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Today: The Baltimore Ravens
Last Year: 8-8 (3rd place in AFC North)
Entering week 16 of the 2013 regular season, the Ravens were sitting in second-place in the AFC North, only one game behind the division leaders, the Cincinnati Bengals. Furthermore, the Ravens were in perfect position to capture one of the two wild card spots in the AFC. Instead, Baltimore would go on to get manhandled by the Patriots, 41-7, at home and then ripped apart by the Bengals, 34-17, to close out the season. A year after their improbable and remarkable Super Bowl run, the Ravens missed out on a chance to defend their title.
But the Ravens’ lack of success wasn’t that hard to see coming. Prior to the 2013 season, upper-management inked Joe Flacco to a six-year, $120.6 million deal, with $30 million guaranteed in the first year of his new contract. For the sake of comparison, Colin Kaepernick is guaranteed around $13 million in the first year of his new deal. That’s the power of winning the Super Bowl in a contract year: $30 million guaranteed in one season.
After signing Flacco, the Ravens proceeded to trade away their most reliable pass catcher, Anquan Boldin, for just a sixth round pick to the other Harbaugh coach in San Francisco. Without Boldin, Flacco attempted the most passes in a single season in his career and winded up throwing more interceptions than touchdowns (19 touchdowns, 22 interceptions). His average yards per attempt bottomed out at 6.37 yards — the worst mark of his career.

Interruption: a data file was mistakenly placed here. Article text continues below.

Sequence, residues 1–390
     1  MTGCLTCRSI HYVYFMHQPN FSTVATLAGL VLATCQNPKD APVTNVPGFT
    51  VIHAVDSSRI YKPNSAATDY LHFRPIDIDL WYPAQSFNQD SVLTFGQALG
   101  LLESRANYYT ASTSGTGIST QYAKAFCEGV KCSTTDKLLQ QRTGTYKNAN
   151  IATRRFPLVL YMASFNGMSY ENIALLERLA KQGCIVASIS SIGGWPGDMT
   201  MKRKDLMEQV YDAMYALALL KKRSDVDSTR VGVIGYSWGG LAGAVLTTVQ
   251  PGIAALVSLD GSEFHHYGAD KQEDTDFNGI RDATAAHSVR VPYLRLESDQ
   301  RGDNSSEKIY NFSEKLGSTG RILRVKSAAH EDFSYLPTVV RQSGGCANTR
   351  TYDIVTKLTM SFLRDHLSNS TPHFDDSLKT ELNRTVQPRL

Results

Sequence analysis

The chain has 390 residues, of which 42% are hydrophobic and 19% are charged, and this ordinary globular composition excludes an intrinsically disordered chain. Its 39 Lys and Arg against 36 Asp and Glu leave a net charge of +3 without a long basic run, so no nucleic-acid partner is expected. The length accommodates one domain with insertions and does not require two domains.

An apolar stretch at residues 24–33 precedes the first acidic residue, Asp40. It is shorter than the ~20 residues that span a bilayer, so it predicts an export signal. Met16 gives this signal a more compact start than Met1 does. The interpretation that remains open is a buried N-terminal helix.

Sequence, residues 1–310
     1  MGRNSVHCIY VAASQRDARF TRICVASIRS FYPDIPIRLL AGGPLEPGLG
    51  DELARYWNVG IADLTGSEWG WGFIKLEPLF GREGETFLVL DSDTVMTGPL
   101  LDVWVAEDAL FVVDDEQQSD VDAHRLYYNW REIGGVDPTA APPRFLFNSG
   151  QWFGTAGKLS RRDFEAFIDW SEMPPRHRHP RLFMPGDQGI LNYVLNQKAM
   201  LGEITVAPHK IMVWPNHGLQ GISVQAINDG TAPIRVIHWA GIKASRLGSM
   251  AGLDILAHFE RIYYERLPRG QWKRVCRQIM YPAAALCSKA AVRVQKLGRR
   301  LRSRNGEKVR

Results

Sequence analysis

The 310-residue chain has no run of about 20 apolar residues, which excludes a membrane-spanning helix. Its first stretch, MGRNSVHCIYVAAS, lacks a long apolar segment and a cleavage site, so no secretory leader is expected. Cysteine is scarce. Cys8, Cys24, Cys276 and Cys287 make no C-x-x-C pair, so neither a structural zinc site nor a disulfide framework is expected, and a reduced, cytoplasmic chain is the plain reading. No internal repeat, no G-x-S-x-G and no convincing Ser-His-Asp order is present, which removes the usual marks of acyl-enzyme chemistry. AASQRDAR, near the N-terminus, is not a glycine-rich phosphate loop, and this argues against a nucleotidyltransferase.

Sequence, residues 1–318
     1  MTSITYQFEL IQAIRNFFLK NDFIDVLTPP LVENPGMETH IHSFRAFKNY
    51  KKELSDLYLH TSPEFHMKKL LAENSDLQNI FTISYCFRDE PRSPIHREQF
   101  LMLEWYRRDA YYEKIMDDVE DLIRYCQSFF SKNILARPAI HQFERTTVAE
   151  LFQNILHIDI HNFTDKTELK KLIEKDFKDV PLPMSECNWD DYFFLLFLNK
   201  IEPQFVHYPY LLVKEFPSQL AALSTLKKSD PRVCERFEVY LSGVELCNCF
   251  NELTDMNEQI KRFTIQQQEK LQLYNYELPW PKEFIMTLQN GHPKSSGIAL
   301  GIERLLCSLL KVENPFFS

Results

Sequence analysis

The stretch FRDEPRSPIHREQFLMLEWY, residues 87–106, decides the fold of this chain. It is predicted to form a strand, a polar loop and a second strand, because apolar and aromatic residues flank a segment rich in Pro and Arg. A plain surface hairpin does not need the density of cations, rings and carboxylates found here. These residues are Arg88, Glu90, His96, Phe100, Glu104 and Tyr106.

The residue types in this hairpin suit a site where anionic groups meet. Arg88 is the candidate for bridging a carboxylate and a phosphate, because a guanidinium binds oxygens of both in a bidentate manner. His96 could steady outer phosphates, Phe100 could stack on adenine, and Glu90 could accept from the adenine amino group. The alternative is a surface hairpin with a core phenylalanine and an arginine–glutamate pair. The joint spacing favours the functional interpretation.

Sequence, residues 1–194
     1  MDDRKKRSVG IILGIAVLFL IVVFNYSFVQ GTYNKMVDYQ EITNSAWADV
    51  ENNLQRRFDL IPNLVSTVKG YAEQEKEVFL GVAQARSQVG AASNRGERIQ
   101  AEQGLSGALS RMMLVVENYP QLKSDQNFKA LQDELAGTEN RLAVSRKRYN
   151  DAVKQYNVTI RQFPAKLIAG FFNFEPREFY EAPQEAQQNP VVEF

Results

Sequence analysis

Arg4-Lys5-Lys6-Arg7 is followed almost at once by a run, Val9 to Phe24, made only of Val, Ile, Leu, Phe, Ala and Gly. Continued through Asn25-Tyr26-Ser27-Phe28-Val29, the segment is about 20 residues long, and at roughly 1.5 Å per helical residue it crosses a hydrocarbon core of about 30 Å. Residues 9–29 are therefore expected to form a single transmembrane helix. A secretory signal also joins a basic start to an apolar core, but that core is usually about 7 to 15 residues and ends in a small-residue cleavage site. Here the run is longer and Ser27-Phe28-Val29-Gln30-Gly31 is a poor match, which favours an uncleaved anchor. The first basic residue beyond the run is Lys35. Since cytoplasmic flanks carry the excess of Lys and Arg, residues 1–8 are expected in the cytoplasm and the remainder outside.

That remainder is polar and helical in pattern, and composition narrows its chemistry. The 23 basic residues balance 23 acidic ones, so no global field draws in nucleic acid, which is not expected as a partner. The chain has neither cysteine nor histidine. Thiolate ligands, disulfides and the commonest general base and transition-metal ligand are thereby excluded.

And the running game didn’t do the Ravens any favors either. Ray Rice was downright awful, averaging a measly 3.1 yards per carry.
While the defense held its own, ranked 12th and 11th in passing yards and rushing yards, respectively, the Ravens just couldn’t manage to beat quality football teams, beating just one team that ended the season with a record above .500.
Last Year’s Stud: The Defense
The offense was comatose, so the defense was forced to shoulder the load — as is often the case in Baltimore. The Ravens’ defense found itself ranked in the upper-half of the league in most statistical categories — 12th against the pass, 11th against the run, and 12th in scoring. Terrell Suggs and Elvis Dumervil combined for 19.5 sacks and the passing defense was bolstered by strong play from linebacker Darryl Smith, and defensive backs Lardarius Webb, James Ihedigbo, and Corey Graham.
The most remarkable season belonged to former-Bronco and avid-fan of the fax machine, Elvis Dumervil. Not only did he contribute 9.5 sacks, but he also managed to receive a 27.4 overall score by Pro Football Focus. The next closest Ravens defender, Arthur Jones, scored a 15.7. The main reason for Dumervil’s high score? He accumulated an astounding 26.6 score when rushing the passer.
Runner-up: Torrey Smith
Last Year’s Surprise: Daryl Smith
In Smith’s ninth and final season with Jacksonville, he missed all but two games due to a groin injury. After signing a one-year prove-it deal in Baltimore, Smith did just that, racking up 123 tackles, five sacks, and three interceptions. Smith struggled tremendously against the run (-.13.1 rating by PFF) but excelled against the pass. In all, it was a surprise bounce back year for an aging linebacker — he’s 32 years old — and it was enough to land him a four-year, $16 million contract.
Runner-up: Corey Graham
Last Year’s Disappointment: Ray Rice